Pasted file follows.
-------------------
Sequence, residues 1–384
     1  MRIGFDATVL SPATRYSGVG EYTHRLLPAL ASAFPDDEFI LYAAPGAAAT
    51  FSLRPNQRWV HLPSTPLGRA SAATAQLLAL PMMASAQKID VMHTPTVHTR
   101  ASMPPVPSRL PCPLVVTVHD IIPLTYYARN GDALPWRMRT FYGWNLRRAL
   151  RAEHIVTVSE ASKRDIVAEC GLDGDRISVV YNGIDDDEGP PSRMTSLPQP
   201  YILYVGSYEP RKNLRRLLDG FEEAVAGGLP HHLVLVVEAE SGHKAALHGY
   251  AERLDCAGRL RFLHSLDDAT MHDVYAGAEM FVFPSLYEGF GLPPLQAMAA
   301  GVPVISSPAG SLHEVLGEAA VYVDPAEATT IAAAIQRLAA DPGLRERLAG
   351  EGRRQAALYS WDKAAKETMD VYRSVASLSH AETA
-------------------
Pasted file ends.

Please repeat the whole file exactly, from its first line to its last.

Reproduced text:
Sequence, residues 1–384
     1  MRIGFDATVL SPATRYSGVG EYTHRLLPAL ASAFPDDEFI LYAAPGAAAT
    51  FSLRPNQRWV HLPSTPLGRA SAATAQLLAL PMMASAQKID VMHTPTVHTR
   101  ASMPPVPSRL PCPLVVTVHD IIPLTYYARN GDALPWRMRT FYGWNLRRAL
   151  RAEHIVTVSE ASKRDIVAEC GLDGDRISVV YNGIDDDEGP PSRMTSLPQP
   201  YILYVGSYEP RKNLRRLLDG FEEAVAGGLP HHLVLVVEAE SGHKAALHGY
   251  AERLDCAGRL RFLHSLDDAT MHDVYAGAEM FVFPSLYEGF GLPPLQAMAA
   301  GVPVISSPAG SLHEVLGEAA VYVDPAEATT IAAAIQRLAA DPGLRERLAG
   351  EGRRQAALYS WDKAAKETMD VYRSVASLSH AETA